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Pomo toy tales

And I quote:

A portable device like the Walkman not only plays music events that are “unique, mobile, and singular” (Hosokawa 1984:169) but also allows its user to experience a “singularity” that interlaces with other singularities to form what there is of the “self.” Rather than a whole of parts that unifies such a self, there are just “emissions of singularities” that proliferate into “nomadic multiplicities” (Deleuze and Guattari 1987; Shaviro 2003).

My first thought when I read that: What?

My second thought: Please don’t use the Postmodernism Generator to write books.

That extract is from page 24 of Millennial Monsters, a study of how Japanese toys and Japanese pop culture is conquering the US. To be fair, the author was merely quoting someone in the above extract but the first chapter is filled with similarly dense professor-ese.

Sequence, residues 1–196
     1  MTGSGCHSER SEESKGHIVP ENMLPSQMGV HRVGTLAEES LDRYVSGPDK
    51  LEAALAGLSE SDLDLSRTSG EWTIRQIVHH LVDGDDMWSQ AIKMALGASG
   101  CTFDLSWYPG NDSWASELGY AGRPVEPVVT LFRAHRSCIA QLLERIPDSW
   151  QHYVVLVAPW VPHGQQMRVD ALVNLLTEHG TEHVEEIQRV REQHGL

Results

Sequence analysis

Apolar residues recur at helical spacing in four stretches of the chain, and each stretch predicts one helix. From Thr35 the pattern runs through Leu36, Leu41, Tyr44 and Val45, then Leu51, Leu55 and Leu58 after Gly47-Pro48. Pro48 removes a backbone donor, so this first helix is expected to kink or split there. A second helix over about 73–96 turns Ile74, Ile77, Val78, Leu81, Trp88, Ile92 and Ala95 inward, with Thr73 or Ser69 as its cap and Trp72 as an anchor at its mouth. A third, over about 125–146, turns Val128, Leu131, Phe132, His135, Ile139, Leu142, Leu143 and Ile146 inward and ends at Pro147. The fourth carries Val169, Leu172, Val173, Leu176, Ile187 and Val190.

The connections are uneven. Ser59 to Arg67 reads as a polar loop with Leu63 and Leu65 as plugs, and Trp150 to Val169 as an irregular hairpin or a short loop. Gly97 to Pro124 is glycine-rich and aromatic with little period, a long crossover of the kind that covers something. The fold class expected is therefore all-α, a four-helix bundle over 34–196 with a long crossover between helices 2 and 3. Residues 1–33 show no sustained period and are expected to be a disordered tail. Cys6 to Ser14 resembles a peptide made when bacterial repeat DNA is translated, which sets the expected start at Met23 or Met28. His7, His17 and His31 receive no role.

Thankfully, the book improves in readability and quickly becomes engrossing. I’m only in the second chapter but I’ve read some amazing anecdotes and historical notes about the Japanese toy industry in the years preceding and following the Second World War.

A review will be forthcoming.

(Unless this “self” encounters more prose of a singularly dense nature in which case emissions of expletives will be produced by said self and the tome shall find itself on a nomadic journey possibly ending in the nearest dustbin.)

Posted in Books.

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